The project will support over 50 principals and their leadership teams in schools that serve Black, Hispanic, and Native American communities. Partner schools and districts will be San Diego Unified Schools, California; Cumberland County Schools, North Carolina; Sunnyside Unified Schools, Arizona; Millington Municipal Schools, Tennessee; and Green Dot Charter Schools, Perea Elementary and Arrow Academy of Excellence, all in Tennessee.
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Contact: Cody Howard, School of Engineering, 785-864-2936, [email protected], @kuengineering
KU Engineering professor wins $100K award to research wastewater intensification
LAWRENCE — A prestigious award from the Water Research Foundation will provide the opportunity for a University of Kansas School of Engineering professor to research a breakthrough approach to improving water quality.
Belinda Sturm, professor of civil, environmental & architectural engineering, is the winner of the 2022 Paul L. Busch Award. With this $100,000 research prize, Sturm will assess how the physical, chemical and biological properties of aerobic granular sludge impact the removal of pathogens and microplastics from wastewater.
Sturm’s research could allow municipal wastewater treatment plants to double their capacity without the need for expanding or adding new treatment equipment.
“The greatest achievement in water quality research is obtained when knowledge is put into practice to create a safer environment,” Sturm said. “This award will enable me to explore a new research application in collaboration with utility partners.”
Wastewater from residences, businesses and other properties carries materials such as carbon, nutrients, pathogens and microplastics to water resource recovery facilities (WRRFs). While WRRFs have processes in place to remove contaminants, there is a need for more research into increasing capacity, ensuring efficiency and understanding the broader applications of existing treatment technologies.
Partnering with the city of Lawrence as well as Metro Water Recovery in Denver, Sturm will assess the removal of pathogens from wastewater due to grazing by the protozoa in biofilms, as well as the sorption of microplastics onto aerobic granular sludge granules.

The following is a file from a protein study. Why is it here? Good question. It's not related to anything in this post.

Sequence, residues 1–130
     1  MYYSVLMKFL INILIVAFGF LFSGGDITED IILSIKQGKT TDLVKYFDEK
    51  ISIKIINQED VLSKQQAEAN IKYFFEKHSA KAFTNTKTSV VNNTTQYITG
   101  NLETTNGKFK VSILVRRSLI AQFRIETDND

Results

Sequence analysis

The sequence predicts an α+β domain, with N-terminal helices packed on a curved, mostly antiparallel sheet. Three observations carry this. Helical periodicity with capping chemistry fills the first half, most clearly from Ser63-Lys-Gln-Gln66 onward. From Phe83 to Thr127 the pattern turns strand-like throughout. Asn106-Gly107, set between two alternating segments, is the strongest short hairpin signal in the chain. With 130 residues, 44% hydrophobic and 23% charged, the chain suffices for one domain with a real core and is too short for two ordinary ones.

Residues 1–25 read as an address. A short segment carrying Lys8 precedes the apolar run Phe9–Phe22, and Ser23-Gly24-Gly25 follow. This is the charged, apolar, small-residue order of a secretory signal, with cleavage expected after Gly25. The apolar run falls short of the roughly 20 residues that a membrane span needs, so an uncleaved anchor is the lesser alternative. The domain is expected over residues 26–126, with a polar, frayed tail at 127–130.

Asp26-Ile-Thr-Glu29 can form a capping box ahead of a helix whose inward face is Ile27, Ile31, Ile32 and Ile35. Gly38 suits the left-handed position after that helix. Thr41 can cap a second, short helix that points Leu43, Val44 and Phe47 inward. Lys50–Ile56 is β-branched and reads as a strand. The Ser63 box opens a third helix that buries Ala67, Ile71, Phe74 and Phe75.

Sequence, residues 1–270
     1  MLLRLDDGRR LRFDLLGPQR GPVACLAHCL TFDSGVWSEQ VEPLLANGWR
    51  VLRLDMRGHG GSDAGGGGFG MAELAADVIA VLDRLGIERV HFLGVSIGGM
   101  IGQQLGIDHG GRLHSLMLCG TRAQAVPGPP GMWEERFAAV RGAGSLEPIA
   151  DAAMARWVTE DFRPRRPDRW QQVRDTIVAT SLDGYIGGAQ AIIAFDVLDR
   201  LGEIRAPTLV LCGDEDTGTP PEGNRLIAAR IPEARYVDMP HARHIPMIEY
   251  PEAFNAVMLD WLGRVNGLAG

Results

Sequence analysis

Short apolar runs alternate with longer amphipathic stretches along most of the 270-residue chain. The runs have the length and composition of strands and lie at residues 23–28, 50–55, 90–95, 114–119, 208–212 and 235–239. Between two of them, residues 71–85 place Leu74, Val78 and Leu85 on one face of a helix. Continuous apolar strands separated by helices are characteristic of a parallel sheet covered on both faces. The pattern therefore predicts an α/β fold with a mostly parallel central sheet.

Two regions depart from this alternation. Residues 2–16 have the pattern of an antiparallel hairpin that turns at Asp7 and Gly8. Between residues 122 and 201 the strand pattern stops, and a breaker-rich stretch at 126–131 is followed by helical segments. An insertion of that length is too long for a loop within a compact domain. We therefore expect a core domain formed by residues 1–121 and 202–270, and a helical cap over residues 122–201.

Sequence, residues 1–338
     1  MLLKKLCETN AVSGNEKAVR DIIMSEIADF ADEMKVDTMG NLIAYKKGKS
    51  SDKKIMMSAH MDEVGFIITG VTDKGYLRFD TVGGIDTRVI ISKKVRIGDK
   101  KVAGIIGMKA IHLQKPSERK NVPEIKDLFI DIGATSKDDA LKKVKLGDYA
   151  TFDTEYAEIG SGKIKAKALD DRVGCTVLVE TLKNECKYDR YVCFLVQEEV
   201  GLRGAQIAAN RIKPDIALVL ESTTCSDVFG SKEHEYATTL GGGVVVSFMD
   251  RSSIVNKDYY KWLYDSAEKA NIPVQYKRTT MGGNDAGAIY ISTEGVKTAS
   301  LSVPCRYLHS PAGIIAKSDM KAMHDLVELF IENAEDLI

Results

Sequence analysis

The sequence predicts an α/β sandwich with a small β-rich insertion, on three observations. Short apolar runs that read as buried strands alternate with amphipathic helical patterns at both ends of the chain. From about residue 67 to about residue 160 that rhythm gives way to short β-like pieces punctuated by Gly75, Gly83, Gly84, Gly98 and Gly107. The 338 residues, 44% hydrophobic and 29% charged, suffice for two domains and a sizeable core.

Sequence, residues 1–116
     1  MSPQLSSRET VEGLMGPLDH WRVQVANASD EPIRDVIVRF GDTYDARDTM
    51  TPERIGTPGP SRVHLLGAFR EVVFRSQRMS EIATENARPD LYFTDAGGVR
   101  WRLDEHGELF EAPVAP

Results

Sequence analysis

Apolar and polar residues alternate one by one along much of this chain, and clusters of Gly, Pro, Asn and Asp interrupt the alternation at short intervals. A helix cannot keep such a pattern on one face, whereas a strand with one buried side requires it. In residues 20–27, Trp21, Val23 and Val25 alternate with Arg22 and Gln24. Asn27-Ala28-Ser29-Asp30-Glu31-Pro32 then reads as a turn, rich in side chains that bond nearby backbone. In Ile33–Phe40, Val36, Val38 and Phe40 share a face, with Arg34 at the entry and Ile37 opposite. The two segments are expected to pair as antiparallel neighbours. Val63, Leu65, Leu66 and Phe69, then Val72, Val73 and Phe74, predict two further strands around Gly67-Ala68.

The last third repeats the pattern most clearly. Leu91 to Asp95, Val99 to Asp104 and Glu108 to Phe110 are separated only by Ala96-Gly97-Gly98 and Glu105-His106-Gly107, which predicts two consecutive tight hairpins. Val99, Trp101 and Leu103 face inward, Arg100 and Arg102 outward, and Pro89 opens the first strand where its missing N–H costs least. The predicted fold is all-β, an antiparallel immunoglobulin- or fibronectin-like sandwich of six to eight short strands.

This research will “explore the fundamental properties of AGS while demonstrating full-scale and practical improvements for water quality,” Sturm said. This research has the potential to significantly enhance wastewater treatment and further the science related to biofilms.
In addition to her work at KU, Sturm serves as director of the Kansas National Science Foundation’s Established Program to Stimulate Competitive Research (NSF-EPSCoR) and chair of the Water Environment Federation’s Municipal Design Symposium.
For 22 years, the WRF Endowment for Innovation in Applied Water Quality Research has supported the Paul L. Busch Award, providing more than $2 million in funding to researchers who are making major breakthroughs in water quality science. More information about the Paul L. Busch Award can be found on WRF’s website.

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Contact: Jon Niccum, KU News Service, 785-864-7633, [email protected]
‘Black Matters’ anthology showcases emerging ‘audacious’ playwright
LAWRENCE — What word best describes the work of Lewis Morrow?
“Audacious,” said Nicole Hodges Persley, associate professor of American studies and African & African American studies at the University of Kansas.
She is the editor of a new book titled “Black Matters: Lewis Morrow Plays,” an anthology of three works written by emerging Kansas City-based playwright Morrow that focus on the vivid emotional realities of modern African American life. It’s published by Methuen Drama/Bloomsbury.
“I can’t name a playwright right now who is writing such unapologetic language,” Hodges Persley said. “And he’s not doing it so that someone will see his work and hopefully pick it up for a TV series. He writes stories that really appeal to the urgency of what it means to live as a Black person in America.”